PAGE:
F1 drivers must master 'art of the good battle' with reduced visibility


F1 drivers will have to rely more on their instincts in 2022, says Daniel Ricciardo, with reduced visibility in the new-generation cars

Max Verstappen locks up in his Red Bull at 2022 F1 testing

Reduced visibility is making this year's cars harder to place

Mark Thompson/Getty Images

Daniel Ricciardo says that Formula 1 drivers will get used to the reduced visibility that is a by-product of the 2022 rules and the switch to 18-inch tyres.

Last year several drivers who had run the new cars in team simulators already reported that visibility was compromised by the taller front tyres and the deflectors that sit alongside them as part of the aero package.

After taking to the track in the real cars they have confirmed that it’s an issue, making it harder for them to place the cars in corners.

“It’s definitely a little more tricky,” said Ricciardo. “There’s just more in the way. Another thing with F1, obviously it’s a very unrelatable sport, because no one can jump in the car and really experience what it’s like.

“But also, a lot of onboard cameras are from the top. So you see so much more. So you might think you’re riding with the driver, but you’re not really getting like the driver’s point of view. Actually, they did test a few [helmet] cameras last year.

“But my point is, you don’t see that much, period. So this year, you see less again, but you also get used to it, and you just find reference points and things like this. So it is something that gets easier over time. But yeah, it probably hasn’t been that great since the old days, when they were sitting right at the front of the car and a lot higher.”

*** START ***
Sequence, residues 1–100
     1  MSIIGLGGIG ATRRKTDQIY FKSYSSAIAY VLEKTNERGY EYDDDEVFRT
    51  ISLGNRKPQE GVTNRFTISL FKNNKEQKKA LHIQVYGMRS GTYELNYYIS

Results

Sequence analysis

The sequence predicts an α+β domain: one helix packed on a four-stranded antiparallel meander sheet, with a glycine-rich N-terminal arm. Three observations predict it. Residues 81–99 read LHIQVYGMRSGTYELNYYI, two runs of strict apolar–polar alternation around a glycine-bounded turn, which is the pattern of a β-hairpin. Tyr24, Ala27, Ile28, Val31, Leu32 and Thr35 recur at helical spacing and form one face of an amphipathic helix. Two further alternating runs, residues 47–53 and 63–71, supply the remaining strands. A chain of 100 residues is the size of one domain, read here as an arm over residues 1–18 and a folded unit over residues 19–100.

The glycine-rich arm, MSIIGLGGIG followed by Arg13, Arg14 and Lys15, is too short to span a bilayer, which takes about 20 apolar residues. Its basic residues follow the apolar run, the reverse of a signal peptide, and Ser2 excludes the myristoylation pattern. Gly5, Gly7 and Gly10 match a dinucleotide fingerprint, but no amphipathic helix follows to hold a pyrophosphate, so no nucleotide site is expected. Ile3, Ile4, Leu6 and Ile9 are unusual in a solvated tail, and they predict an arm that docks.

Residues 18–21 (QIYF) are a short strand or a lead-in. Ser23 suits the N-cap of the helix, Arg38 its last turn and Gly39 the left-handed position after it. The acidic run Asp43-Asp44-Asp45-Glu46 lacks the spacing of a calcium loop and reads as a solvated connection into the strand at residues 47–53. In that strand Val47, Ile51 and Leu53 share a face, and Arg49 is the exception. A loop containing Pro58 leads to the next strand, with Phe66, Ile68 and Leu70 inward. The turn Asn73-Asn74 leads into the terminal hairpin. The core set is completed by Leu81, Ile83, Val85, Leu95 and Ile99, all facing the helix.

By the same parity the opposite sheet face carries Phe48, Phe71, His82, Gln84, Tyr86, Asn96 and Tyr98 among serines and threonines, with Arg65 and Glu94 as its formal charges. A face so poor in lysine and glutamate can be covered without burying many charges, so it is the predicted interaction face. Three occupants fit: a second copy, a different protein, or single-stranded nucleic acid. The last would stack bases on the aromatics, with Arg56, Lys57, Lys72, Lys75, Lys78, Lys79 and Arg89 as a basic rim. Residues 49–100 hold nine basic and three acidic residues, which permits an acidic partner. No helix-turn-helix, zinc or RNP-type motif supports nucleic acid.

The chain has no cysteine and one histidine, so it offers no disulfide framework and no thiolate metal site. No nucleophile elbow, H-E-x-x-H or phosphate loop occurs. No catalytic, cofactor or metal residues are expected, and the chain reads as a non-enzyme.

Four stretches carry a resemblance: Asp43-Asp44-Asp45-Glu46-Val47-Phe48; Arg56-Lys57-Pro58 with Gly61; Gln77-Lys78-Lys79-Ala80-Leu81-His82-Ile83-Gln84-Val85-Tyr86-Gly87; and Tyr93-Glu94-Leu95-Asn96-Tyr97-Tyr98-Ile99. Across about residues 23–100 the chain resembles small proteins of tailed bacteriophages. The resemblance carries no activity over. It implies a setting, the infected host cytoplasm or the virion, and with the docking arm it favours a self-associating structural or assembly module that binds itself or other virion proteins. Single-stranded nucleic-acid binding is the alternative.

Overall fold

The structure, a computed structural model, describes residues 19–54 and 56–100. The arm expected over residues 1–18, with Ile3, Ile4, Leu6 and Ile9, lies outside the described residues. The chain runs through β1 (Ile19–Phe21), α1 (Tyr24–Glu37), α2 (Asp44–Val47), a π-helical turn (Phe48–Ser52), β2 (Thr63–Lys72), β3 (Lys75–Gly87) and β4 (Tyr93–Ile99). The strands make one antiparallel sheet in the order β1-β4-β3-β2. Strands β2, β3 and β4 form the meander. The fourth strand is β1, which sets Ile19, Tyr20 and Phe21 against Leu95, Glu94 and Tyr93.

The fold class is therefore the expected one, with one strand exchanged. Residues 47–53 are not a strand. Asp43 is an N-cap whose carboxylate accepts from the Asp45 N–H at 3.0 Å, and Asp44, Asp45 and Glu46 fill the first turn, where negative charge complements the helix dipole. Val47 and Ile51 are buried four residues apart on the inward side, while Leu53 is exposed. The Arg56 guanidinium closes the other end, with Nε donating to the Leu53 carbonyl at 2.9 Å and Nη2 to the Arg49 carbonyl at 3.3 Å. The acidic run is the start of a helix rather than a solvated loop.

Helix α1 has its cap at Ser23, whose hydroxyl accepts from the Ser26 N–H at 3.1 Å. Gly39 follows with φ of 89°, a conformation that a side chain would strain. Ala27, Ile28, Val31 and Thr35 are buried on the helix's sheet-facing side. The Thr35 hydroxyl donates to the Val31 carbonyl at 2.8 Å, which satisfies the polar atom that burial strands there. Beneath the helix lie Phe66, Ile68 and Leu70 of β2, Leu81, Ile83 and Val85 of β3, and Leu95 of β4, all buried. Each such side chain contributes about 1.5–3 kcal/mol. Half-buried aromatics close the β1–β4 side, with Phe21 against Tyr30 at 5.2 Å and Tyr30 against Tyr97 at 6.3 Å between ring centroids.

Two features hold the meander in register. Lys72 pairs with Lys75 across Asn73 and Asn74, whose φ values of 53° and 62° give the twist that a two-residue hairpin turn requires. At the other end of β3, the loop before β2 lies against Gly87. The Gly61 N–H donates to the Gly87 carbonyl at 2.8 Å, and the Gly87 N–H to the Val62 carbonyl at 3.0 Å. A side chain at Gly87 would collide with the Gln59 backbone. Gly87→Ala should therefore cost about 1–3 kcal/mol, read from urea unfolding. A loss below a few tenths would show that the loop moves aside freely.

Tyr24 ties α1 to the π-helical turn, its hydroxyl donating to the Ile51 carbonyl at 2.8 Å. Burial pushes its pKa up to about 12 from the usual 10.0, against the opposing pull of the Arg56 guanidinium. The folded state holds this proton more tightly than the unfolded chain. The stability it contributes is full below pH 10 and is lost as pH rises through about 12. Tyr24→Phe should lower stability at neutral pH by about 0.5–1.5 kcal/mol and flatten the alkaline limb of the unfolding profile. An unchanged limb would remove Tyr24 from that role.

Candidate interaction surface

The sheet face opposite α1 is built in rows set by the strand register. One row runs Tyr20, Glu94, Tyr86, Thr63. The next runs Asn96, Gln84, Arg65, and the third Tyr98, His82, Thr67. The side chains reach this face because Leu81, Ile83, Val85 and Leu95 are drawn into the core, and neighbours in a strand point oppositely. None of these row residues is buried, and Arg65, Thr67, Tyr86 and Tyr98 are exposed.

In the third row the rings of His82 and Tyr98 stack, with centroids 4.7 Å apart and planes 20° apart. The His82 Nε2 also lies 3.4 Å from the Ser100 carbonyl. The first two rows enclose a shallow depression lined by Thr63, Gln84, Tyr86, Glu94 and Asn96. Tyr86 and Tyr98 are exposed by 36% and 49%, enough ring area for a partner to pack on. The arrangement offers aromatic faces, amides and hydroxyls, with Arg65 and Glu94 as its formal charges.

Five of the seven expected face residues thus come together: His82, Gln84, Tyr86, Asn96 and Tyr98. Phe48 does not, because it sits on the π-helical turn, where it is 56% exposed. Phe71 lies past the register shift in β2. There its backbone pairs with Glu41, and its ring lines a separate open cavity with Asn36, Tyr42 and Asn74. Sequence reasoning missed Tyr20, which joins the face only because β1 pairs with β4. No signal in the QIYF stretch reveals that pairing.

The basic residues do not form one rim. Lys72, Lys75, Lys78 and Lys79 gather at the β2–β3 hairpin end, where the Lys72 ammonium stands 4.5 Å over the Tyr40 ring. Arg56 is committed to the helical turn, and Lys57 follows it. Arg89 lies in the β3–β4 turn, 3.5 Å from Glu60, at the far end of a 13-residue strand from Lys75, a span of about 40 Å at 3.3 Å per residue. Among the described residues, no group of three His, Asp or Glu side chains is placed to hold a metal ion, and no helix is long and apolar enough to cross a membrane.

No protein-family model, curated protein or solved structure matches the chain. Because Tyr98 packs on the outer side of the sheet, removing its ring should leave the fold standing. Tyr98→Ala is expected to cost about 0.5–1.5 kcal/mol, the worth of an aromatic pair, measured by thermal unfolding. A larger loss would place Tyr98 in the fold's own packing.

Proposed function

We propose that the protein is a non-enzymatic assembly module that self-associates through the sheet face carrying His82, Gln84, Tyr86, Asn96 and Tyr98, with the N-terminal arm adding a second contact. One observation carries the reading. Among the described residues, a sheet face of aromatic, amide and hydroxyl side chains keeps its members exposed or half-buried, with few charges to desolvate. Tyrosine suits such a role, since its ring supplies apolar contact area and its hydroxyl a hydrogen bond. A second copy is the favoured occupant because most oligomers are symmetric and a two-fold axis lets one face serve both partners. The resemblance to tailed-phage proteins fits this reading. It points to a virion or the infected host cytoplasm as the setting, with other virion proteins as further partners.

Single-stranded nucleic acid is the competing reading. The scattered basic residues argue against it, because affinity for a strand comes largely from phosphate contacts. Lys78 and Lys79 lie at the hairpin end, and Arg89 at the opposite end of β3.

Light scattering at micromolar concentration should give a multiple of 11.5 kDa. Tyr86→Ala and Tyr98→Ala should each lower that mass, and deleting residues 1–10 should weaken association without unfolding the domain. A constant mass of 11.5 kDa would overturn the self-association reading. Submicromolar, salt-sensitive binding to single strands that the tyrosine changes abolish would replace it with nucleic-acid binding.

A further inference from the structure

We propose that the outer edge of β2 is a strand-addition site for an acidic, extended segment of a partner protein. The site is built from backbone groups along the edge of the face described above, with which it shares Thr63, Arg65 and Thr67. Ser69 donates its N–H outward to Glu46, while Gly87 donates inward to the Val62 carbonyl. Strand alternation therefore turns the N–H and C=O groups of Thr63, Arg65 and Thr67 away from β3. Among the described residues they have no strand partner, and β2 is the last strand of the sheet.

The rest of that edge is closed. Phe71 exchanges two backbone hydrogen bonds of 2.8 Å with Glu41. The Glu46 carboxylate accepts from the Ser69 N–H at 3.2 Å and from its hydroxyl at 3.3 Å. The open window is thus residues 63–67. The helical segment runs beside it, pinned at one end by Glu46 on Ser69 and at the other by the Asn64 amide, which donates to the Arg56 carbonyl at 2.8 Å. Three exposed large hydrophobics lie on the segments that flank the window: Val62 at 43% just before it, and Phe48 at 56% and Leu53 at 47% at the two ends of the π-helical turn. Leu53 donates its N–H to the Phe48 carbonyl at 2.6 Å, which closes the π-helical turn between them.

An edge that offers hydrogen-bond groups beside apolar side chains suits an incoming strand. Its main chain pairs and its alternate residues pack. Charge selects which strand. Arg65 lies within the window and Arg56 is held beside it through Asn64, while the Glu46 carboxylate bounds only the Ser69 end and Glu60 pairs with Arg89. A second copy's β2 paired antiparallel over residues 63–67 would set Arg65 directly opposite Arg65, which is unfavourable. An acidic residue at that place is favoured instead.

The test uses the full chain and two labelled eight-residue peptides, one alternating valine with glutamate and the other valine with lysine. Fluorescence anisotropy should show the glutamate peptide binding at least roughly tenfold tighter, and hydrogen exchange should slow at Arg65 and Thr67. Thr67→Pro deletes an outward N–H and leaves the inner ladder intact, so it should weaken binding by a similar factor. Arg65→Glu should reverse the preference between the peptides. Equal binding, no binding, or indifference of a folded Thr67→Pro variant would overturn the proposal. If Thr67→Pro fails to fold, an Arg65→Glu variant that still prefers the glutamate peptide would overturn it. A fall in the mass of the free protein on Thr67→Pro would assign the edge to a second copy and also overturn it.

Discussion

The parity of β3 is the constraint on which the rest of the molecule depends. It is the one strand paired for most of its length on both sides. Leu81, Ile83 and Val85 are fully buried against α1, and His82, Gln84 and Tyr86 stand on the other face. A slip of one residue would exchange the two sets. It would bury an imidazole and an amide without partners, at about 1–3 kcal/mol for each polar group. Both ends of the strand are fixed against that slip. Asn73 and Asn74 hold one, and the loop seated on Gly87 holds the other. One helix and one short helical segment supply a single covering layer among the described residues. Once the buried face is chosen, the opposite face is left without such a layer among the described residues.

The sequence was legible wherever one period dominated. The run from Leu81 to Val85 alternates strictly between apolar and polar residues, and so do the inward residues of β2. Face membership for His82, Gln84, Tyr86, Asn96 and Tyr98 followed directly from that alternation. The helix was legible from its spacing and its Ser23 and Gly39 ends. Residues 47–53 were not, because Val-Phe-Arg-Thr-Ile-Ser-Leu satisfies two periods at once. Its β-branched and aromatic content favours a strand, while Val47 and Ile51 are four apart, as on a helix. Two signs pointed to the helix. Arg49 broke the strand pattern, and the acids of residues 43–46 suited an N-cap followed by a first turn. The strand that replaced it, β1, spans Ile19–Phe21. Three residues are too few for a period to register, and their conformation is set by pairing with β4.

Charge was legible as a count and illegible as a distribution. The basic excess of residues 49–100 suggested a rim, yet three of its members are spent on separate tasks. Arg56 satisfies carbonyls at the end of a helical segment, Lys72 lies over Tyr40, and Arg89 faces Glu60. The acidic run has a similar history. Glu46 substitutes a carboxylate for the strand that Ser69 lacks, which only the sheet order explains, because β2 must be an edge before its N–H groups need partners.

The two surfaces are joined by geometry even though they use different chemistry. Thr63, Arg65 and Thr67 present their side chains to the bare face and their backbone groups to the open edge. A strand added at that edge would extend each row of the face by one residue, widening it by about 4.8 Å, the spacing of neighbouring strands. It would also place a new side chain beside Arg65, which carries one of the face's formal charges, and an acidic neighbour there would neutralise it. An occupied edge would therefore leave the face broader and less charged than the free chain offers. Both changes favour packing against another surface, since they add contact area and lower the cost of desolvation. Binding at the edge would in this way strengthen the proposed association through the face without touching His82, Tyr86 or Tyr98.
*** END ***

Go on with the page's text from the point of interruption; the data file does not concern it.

Cockpit of McLaren MCL36 at 2022 F1 testing

Larger wheels and tyre deflectors block out more of the driver’s view

Antonin Vincent / DPPI

Asked if the issue would impact the ability to race wheel-to-wheel Ricciardo said that it was just another challenge that drivers would have to acclimatise to.

“I also don’t say it kind of negatively. I think it’s just kind of part of what we do. And it’s something we get used to. I think it is something we’ll get used to. I mean, there are always kind of blind spots in the car, so you have to use a lot of your intuition as well when you’re racing side-by-side.

“But I think also that that kind of creates sometimes like the art of the good battle, so you kind of use your other instincts, or rely on other things to kind of pull off a move or defend well.

“I think there’ll be a bit more for us to adjust to, especially in the in the early days of 2022. But maybe by whatever, a couple of races in, we’ll be like, ‘Oh, we don’t really feel it anymore.’”

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Red Bull’s Sergio Perez with Ricciardo agreed that drivers would just have to adapt to their new viewpoint.

“It’s a question of time,” said the Mexican. “We definitely have to get used to less visibility. We’ll all try to figure it out how we can get more, but obviously, there’s so much you can get in terms of seating position.

“So yeah, we definitely have to get used to it to measure our distances better. And yeah, the wheel-to-wheel racing, I think we all are going to get used to it. So it’s going to be another another challenge for this year.”

Asked for his view Lewis Hamilton said: “I think I’m probably sitting a little bit too low, I’m seeing a lot of sky at the moment. I’ll get a whoopee cushion or something!”